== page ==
NFM Staff

April 24, 2008

6 Min Read
Six foods that boost hearth health

Odds are you've got baby boomers coming into your store asking for foods that'll help them lose weight and lower their cholesterol—two key players in heart disease. The bad news: Heart disease still ranks as the No. 1 killer in the United States. The good news: Experts agree that your customers can dodge a deadly outcome through their food choices. Not long ago, nutritionists and doctors advised people to indulge in carbohydrates and fat-free foods. Today we know that some fats actually prevent heart attacks, and that certain carbohydrates are better for cholesterol than others. What else makes for ? ahem, hearty fare?

Numerous studies point to the vast health benefits—from reduced joint inflammation in arthritis sufferers to brain development in babies—of omega-3 fatty acids found in fish. When it comes to heart health, omega-3s support circulation and improve blood vessel function, according to Debra Boutin, R.D., assistant professor at Bastyr University in Kenmore, Wash. Researchers have also found that omega-3s can prevent heart-attack deaths. "They stop the electrical disturbance, which causes the death. Half of all heart attacks are fatal due to these arrhythmias," says Dr. Dariush Mozaffarian, assistant professor of medicine and epidemiology at Harvard Medical School and Harvard School of Public Health in Boston.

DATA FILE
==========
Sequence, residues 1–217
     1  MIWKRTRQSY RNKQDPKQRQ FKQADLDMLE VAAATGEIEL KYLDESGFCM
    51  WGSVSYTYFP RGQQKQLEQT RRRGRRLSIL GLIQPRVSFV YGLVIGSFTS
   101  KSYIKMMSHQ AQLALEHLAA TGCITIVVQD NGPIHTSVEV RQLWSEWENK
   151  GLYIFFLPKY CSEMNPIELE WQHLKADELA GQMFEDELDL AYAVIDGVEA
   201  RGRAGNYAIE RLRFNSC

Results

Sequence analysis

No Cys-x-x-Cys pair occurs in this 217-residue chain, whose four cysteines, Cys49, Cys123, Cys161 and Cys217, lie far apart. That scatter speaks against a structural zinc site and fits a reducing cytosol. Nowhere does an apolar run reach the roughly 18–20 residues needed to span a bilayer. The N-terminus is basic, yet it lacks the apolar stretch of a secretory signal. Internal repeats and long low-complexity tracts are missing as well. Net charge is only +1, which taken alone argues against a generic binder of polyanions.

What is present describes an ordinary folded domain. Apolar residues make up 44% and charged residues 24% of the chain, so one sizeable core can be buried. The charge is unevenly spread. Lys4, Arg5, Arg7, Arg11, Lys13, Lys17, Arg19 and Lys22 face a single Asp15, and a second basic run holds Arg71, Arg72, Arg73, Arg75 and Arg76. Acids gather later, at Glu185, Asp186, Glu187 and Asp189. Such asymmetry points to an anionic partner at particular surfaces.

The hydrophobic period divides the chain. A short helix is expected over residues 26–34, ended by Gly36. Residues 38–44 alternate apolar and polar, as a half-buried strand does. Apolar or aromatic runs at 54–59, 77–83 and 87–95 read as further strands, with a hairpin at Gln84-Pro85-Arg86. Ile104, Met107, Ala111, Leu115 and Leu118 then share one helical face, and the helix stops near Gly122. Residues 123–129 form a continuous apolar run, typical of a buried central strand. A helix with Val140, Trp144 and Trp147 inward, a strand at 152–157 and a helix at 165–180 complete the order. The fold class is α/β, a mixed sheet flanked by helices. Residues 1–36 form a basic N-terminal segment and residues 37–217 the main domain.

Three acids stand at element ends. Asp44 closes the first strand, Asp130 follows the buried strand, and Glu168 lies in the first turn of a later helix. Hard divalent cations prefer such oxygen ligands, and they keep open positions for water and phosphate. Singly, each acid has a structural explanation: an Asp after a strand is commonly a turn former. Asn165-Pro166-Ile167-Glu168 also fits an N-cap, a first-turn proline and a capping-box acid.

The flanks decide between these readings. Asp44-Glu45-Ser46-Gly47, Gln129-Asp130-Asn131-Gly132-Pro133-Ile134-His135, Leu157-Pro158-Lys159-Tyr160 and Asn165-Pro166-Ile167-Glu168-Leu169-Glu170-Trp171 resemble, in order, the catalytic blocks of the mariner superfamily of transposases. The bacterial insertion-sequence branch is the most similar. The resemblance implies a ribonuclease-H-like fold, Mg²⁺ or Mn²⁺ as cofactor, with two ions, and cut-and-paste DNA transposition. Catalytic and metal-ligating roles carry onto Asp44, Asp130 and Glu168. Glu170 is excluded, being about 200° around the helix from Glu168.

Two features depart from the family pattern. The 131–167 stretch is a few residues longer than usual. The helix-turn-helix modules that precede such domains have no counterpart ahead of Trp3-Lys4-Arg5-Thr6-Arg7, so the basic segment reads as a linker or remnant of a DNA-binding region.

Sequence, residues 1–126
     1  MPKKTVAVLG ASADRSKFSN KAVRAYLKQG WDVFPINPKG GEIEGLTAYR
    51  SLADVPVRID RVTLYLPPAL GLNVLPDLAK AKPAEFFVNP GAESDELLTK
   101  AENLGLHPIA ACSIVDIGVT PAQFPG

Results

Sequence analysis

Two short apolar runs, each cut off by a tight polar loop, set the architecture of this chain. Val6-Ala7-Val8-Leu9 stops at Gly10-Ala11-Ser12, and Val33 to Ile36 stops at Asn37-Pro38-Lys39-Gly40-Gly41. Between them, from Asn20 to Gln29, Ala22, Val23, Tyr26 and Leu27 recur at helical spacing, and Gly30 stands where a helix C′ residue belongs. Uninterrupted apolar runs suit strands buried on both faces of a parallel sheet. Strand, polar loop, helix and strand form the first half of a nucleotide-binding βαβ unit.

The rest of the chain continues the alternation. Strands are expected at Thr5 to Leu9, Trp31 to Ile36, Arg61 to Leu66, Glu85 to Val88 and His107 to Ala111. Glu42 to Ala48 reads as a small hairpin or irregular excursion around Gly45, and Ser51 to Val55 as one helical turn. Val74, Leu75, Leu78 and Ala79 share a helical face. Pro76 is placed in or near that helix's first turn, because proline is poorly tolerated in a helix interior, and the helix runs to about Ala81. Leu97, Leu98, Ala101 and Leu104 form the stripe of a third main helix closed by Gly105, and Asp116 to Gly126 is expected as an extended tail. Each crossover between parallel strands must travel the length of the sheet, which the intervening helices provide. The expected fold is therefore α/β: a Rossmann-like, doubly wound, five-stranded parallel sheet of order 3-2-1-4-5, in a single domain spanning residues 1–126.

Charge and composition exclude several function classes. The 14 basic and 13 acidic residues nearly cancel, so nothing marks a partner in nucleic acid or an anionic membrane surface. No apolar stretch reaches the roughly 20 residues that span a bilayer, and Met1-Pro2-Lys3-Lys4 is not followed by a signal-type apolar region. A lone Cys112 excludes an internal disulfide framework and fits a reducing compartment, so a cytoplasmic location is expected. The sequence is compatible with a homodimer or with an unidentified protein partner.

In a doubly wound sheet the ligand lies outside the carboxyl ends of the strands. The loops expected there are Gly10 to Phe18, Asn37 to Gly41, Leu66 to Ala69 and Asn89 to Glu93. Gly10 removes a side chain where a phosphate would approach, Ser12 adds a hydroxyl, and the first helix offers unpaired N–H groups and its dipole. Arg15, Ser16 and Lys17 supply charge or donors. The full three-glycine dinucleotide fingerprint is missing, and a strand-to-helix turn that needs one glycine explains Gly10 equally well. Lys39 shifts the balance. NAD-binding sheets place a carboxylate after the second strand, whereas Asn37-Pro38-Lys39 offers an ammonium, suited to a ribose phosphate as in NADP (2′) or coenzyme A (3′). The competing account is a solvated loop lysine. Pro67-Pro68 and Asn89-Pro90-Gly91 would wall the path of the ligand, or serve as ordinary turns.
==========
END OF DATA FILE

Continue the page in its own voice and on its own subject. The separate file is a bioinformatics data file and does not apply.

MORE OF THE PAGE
How much helps? Each week, eat one to two 3-ounce servings of fatty fish, such as wild Alaskan salmon, anchovies, herring or mackerel. Wild Alaskan salmon gets the thumbs up from Boutin for its sustainability, low mercury levels and lack of additives. Also, baking or poaching at low heat helps preserve omega-3s, Boutin says. Vegetarians can try a plant-based option: Add omega-3-rich ground flaxseeds to oatmeal, smoothies or salads.